Paris saw the worst protests and violence erupt in more than 50 years and President Emmanuel Macron is facing loads of pressure to act to calm the anger dividing France after the latest gilet jaunes also known as Yellow Vests protests left 71 people injured in Paris and caused widespread damage.
The president attended the G20 summit and stated that he will take care of things once he is back, but all he has done so far is just deployed security forces, and about 8,000 police and gendarmes were deployed in Paris as a massive show of strength.
He tweeted: “Thank you for the courage and exceptional professionalism you have shown.”
Both the President and the prime minister Édouard Phillipe have promised to “restore national unity”.
The French prime minister, He said Macron would soon put forward measures to foster discussion with the protesters, adding: “No tax should jeopardise our national unity. We must now rebuild that national unity through dialogue, through work, and by coming together.”
So far the interior ministry said 1,220 people were taken into custody around the country during the latest protests.
As many as 40 protesters have been severely injured and been hospitalised while others were brutally pushed and beaten and suffered from minor injuries.
Workers and shop owners started cleaning up after the protests, while many Paris monuments including the Eiffel Tower and Louvre Museum will reopen soon.
Shop owners not only had to focus on repairing damages and cleaning the store, but many troublemakers misused the protests and looted many stores thus leaving shop owners to assess damage and losses at the height of the Christmas shopping season.
Fierce winds and rain overnight hampered efforts to clean up on Sunday while used teargas canister lids lay scattered on the cobblestones of the Champs Élysées.
Groups of casseurs had police racing to deal with fires and barricades. Officers responded to many fires by hurling water cannons and teargas. Many new districts of the city were put into lockdown, with roads sealed off in an effort to contain protesters to the Champs-Élysées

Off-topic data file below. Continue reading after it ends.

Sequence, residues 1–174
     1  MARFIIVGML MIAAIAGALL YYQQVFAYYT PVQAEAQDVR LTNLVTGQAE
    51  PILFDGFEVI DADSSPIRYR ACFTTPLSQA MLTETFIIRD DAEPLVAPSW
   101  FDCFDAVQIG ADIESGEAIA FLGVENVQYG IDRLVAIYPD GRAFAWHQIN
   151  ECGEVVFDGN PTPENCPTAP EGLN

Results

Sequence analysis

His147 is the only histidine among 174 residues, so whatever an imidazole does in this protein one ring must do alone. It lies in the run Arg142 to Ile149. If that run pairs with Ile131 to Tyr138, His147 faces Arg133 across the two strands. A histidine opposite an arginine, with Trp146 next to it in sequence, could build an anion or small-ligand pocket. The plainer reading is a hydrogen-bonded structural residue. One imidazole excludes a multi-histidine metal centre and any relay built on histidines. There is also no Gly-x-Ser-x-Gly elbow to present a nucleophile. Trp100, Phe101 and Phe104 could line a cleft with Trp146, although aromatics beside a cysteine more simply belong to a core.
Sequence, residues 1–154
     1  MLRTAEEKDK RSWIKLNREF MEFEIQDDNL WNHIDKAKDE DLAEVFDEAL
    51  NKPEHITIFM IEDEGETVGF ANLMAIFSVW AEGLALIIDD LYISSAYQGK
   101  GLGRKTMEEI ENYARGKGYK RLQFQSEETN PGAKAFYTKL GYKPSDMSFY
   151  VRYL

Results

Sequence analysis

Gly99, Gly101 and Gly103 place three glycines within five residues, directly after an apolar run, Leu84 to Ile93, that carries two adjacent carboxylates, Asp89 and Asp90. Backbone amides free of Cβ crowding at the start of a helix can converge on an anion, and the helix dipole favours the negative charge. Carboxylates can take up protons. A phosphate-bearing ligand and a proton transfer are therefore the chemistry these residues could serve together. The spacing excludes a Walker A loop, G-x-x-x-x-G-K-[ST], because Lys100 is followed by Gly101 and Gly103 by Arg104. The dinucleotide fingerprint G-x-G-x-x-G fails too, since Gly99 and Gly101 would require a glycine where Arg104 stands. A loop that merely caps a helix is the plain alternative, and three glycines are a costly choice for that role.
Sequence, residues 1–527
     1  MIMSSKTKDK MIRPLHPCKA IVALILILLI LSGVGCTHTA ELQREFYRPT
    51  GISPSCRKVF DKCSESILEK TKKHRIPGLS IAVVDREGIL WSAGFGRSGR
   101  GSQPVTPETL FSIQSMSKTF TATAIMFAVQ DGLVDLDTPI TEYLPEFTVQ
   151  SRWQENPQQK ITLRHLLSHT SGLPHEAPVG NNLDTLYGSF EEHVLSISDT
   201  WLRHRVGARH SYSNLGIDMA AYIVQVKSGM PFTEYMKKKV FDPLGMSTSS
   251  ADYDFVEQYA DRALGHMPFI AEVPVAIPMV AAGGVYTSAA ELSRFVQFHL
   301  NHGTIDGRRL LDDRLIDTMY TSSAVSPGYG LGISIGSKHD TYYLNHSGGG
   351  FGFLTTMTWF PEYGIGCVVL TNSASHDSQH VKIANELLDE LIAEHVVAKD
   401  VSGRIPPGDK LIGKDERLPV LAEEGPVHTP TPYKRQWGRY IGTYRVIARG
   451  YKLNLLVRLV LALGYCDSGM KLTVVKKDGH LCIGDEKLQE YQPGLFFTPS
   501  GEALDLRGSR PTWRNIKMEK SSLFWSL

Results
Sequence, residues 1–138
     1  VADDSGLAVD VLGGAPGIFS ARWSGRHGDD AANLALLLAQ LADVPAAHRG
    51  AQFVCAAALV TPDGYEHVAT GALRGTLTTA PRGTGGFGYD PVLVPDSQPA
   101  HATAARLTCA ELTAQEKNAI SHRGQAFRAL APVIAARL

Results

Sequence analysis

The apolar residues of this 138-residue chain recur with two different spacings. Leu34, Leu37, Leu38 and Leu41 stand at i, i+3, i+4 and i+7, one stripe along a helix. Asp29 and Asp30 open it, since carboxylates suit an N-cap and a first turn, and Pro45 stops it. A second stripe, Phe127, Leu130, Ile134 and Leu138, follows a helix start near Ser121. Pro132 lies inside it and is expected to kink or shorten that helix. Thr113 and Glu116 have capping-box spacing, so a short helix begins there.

Despite criticism that the police and politicians have received about how they mishandled the protests. The protesters true motive got lost when ultras from the left and right, and anarchist “black bloc” groups
Police sources have hijacked the protests with extreme elements, Because in parts of the country, the “real” yellow vest protesters, seemed determined to make their complaints peacefully.
Marc, 31, a farmworker from Normandy, said he’d “had enough of paying high taxes”, yet he wasn’t planning to get into a fight with police. “There are troublemakers here, and I get the impression some of them may be anarchists or extremists or ultras, but I don’t know. We’re not,” he said.
“But there’s something not right here: if we demonstrate peacefully, the government ignores us. If some people burn cars and attack the police, the government gives in. What does that tell us?”
The number of injured in Paris and nationwide was down on Saturday from last week’s protests, but the exceptional police deployment failed to deter demonstrators. About 125,000 yellow vests took to the streets around France putting forward a number of demands.
Dutch yellow vest protests contradicted the protests in Paris, and in the city of Rotterdam, a few hundred protesters wearing yellow vests walked downtown, singing and handing flowers to passers-by. Another 100 protesters held a peaceful demonstration outside the Dutch parliament at the Hague.